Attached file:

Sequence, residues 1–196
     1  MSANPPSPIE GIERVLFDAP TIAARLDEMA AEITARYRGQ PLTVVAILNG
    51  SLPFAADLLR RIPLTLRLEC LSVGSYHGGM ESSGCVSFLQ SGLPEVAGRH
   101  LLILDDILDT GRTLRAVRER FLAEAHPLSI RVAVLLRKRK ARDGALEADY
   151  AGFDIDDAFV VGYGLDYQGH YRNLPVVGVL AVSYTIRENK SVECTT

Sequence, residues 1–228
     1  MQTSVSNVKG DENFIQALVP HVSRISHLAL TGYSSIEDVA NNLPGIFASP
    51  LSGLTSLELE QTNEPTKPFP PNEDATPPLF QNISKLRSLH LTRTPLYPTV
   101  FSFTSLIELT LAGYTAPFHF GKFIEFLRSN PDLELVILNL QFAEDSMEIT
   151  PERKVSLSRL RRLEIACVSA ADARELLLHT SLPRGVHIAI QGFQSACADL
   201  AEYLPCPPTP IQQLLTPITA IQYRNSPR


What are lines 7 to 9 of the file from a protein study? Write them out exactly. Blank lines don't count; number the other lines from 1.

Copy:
     1  MQTSVSNVKG DENFIQALVP HVSRISHLAL TGYSSIEDVA NNLPGIFASP
    51  LSGLTSLELE QTNEPTKPFP PNEDATPPLF QNISKLRSLH LTRTPLYPTV
   101  FSFTSLIELT LAGYTAPFHF GKFIEFLRSN PDLELVILNL QFAEDSMEIT